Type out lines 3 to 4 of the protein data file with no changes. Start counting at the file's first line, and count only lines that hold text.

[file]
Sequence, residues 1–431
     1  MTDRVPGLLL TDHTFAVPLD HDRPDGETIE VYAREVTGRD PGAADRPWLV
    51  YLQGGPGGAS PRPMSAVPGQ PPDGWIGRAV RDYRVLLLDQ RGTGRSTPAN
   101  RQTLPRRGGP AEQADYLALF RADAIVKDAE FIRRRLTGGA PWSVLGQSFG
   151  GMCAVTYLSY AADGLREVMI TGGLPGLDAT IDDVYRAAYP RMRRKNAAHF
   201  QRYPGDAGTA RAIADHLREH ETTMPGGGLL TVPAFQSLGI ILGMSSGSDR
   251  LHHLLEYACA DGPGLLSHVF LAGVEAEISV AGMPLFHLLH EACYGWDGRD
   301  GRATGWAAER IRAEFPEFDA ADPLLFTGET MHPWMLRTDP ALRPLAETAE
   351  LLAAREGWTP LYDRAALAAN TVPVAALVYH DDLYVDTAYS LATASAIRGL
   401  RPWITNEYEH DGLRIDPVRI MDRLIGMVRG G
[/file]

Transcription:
    51  YLQGGPGGAS PRPMSAVPGQ PPDGWIGRAV RDYRVLLLDQ RGTGRSTPAN
   101  RQTLPRRGGP AEQADYLALF RADAIVKDAE FIRRRLTGGA PWSVLGQSFG